Sir Roger Moore, star of seven James Bond films in the 1970s and ‘80s, died in Switzerland after “a short but brave battle with cancer.” He was 89 years old.
Moore, the longest-serving lead actor in the franchise, was the favorite Bond of Texas Tech University humanities and popular culture librarian, Rob Weiner.
Weiner has taught several classes on James Bond both through the Osher Lifelong Learning Institute and the Honors College. He also is co-editor of “James Bond in Popular and World Culture: The Films are Not Enough” and wrote the foreword in “James Bond and Popular Culture” edited by Michele Brittany.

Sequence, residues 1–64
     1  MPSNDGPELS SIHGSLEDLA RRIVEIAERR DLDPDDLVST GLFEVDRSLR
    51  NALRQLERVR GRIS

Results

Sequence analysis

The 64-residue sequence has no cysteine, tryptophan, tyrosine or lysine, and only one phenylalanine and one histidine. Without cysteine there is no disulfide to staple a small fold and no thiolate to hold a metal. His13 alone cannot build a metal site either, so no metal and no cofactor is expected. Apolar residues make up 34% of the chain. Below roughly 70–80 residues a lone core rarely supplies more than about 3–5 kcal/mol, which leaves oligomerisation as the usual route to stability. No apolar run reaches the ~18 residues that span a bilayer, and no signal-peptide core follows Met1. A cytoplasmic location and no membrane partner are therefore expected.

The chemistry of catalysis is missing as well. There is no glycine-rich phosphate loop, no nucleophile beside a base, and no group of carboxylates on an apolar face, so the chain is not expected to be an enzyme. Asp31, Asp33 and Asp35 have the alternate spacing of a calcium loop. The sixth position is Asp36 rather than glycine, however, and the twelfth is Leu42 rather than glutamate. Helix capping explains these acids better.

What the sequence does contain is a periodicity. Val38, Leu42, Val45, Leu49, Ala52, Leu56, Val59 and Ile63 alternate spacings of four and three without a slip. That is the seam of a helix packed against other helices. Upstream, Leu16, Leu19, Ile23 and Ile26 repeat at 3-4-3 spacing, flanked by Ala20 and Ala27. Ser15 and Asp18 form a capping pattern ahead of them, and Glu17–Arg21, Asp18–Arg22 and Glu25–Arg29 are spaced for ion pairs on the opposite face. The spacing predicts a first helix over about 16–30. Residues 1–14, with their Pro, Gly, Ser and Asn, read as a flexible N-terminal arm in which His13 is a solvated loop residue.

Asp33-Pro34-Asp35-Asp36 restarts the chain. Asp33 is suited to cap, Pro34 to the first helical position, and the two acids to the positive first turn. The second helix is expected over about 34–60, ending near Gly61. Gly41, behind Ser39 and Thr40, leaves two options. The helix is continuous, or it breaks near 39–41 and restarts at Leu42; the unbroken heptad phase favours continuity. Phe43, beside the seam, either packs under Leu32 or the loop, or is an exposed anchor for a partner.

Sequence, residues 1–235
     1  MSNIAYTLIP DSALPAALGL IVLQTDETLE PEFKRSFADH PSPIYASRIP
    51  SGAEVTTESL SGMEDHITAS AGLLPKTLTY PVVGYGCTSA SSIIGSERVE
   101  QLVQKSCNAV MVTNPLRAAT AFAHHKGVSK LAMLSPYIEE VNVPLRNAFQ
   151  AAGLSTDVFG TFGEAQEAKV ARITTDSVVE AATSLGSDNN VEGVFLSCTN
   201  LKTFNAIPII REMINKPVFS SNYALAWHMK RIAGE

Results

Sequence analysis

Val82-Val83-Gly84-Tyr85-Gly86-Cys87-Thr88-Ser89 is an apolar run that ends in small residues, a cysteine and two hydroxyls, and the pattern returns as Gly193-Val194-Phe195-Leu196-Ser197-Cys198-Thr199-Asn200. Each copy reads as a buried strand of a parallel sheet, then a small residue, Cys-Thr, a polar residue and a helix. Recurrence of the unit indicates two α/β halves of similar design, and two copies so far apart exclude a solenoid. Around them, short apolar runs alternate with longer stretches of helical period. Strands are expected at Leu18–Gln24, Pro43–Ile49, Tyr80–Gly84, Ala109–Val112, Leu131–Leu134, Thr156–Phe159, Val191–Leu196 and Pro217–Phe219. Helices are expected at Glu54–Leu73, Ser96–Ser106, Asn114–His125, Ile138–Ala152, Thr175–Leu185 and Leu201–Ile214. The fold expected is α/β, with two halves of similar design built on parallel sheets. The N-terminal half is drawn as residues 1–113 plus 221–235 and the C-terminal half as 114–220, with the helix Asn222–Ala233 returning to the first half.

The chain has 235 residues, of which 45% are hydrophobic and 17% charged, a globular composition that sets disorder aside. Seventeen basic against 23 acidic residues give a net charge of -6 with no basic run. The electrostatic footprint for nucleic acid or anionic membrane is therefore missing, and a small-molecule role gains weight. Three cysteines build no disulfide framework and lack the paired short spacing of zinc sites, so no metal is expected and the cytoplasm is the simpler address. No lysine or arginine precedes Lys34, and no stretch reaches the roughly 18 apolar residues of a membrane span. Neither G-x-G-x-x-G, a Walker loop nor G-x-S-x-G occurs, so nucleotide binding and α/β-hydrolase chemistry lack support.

- Sir Roger Moore’s legacy
- Moore’s portrayal of James Bond during the Cold War era
- “Everybody has their favorite Bond, from your grandmother who loved Sean Connery to a millennial who loves Daniel Craig, to a Gen-Xer like me who loves Sir Roger Moore. To me, he looked and felt like Bond. He gave the character class.”
- “Many may regard Moore as the comedic Bond. His banter with Grace Jones in ‘A View to a Kill (1985)’ would certainly support such a claim.”
- “Moore did not personally care for guns, though he looked good holding one. He was determined to leave the world a better place, through his charity work with UNICEF and other organizations.”